Oh wow, thank you so much for all this info! That has really helped reassure & clarify things. Thank you for all the links too; I really appreciate your detailed response 🙏 best wishes, AnnieV x
Thanks for your post.
Information about naturally occurring phytoestrogens, such as soy and it’s effect on breast cancer can be confusing and conflicting.
Soy contains isoflavones and lignans, which are weak phytoestrogens.
Phytoestrogens are naturally occurring plant substances that have a chemical structure similar to the female hormone oestrogen which is why there has been concern about its safety. But phytoestrogens are not the same thing as female hormones and don’t affect the body in the same way.
Soy food includes tofu, soybeans (edamame) and soy milk. There isn’t any evidence to suggest a moderate amount of soy in a person’s diet is harmful.
Isoflavones are also found in other beans, nuts, peas and lentils and lignans are found in a variety of fruits, vegetables and cereal products.
In fact, there is emerging research that suggests it may be beneficial in reducing the risk of the cancer coming back.
The safety of supplements containing soy is yet to be established so they are generally not recommended. You may be interested in the information we produce about a healthy well balanced diet.
You can search this American website here for information about individual herbs and vitamins. Each has sections on existing evidence and what known interaction there is with other medications.
If you take prescribed or over the counter medicine, do check again with your treatment team, your GP, or a pharmacist before taking any supplements.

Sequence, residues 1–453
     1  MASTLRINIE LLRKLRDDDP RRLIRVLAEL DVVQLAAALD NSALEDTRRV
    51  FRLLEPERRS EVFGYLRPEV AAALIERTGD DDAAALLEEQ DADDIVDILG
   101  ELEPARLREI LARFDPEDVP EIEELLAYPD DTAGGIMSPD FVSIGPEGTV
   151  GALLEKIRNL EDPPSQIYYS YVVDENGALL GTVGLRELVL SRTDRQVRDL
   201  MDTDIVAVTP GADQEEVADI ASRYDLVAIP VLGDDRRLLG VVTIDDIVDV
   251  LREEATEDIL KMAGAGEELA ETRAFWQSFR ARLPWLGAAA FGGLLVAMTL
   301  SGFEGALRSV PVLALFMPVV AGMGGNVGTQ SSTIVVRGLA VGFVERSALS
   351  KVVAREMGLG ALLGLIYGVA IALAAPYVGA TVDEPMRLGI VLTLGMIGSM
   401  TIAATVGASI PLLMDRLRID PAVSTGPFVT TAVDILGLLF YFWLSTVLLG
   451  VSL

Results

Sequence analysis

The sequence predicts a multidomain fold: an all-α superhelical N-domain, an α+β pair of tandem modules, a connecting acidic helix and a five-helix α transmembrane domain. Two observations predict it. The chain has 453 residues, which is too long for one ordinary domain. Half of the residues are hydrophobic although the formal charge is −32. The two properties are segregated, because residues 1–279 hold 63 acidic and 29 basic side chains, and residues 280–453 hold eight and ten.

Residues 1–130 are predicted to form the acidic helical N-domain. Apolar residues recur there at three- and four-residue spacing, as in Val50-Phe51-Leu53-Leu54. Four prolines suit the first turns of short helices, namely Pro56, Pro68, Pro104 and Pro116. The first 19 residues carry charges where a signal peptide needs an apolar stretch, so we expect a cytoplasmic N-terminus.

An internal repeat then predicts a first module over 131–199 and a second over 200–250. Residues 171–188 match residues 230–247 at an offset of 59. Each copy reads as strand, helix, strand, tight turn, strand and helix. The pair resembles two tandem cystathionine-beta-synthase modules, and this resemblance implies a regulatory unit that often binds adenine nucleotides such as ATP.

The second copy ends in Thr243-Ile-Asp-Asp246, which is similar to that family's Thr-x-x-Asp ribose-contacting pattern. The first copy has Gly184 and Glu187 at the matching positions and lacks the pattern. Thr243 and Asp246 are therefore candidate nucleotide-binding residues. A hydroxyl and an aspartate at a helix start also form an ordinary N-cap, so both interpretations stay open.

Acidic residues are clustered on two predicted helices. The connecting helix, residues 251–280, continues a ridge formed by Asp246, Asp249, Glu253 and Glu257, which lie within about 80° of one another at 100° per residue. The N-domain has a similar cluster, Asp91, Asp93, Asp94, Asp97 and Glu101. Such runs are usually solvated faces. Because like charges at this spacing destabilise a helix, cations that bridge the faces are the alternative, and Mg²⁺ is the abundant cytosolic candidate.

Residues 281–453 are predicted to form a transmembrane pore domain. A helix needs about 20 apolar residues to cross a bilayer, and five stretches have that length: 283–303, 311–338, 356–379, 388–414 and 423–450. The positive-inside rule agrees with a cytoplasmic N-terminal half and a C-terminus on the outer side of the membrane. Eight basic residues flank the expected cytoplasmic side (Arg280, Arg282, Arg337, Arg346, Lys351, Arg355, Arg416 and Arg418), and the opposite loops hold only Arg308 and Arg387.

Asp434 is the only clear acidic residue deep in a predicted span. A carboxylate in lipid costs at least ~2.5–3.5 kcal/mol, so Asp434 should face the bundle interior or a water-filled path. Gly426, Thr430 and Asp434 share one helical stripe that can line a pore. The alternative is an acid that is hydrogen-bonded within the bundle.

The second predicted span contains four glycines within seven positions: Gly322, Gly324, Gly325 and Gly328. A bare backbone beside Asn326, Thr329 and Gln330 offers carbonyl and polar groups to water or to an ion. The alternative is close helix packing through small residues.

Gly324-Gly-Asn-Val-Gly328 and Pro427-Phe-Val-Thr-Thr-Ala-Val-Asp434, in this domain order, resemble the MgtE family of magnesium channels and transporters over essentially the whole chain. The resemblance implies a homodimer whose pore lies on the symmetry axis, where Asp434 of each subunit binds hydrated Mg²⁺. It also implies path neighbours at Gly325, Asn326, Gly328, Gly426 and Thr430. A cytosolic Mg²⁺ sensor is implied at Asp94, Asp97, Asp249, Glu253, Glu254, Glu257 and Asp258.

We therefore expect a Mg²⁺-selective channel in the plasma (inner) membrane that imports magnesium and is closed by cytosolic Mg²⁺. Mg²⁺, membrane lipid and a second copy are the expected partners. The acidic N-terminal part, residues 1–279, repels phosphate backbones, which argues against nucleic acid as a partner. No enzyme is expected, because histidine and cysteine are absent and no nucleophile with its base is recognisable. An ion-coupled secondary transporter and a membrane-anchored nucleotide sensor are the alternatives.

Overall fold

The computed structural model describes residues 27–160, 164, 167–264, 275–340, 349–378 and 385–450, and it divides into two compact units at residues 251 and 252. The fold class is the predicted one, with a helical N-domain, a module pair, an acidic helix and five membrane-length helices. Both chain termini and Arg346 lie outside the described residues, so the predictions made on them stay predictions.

You can also view our video on dietary tips after a breast cancer diagnosis.
The 2018 World Cancer Research Fund (WCRF) report, page 39.
UpToDate ( Accessed Aug 2020) Soy/phytoestrogens
NICE Do not offer soy (isoflavone), red clover, black cohosh, vitamin E or magnetic devices to treat menopausal symptoms in women with breast cancer. 
CRUK (Last updated June 2019) Herbal medicine
CRUK (Last updated Jan 2019) Vitamins and diet supplements
NHS (Last updated Dec 2018) Complementary and alternative medicine
GOV. UK (Last updated Jan 2021) Traditional herbal registration (THR)
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@AnnieV - great question, the research is so confusing and conflicting isn’t it. I too would be interested to read the answer. My consultant is very much of the view of everything in moderation. Thanks for sending this question. Evie xx
I would also welcome an answer to the questions you have posed. I was taking “Menopace” multi-vitamins (contain isoflavones) for years and asked my BCN (after diagnosis but before my results were known) about continuing with them. I was told to stop the vitamins. I’m ER8/PR8 and now on hormone therapy (letrozole). I’m confused on whether to avoid natural soy products as I regularly use chick peas in soups and meals.
Best wishes x
Since being diagnosed with ER+ PR+ Her 2- breast cancer I have read a lot of conflicting information about naturally occurring phytoestrogens (such as in soya, chickpeas and linseed oil) and whether they are beneficial, indifferent or harmful for those with breast cancer. The breastcancercare booklet I read yesterday about menopausal symptoms says that naturally occurring phytoestrogens are safe for breast cancer patients but supplements are not recommended. This fits with what the oncology dietitian told me at my hospital.
However, I asked the same question to my BCN and in her reply she attached some literature from Women's Health Concern (part of the British Menopause Society) and in this it said that foods with naturally occurring phytoestrogens are not recommended for patients with breast cancer. Although it did not say why; as in whether there is no evidence that they offer a benefit or whether they are actually harmful.
I don't know now whether to avoid foods with naturally occurring phytoestrogens or whether to increase them in my diet! Before my diagnosis I routinely ate houmous (chickpeas) and sometimes soy source, so it is not as if I have never had them.
Are you able to clarify things please? I realise how out-of-date research can go and I don't know what the latest evidence is.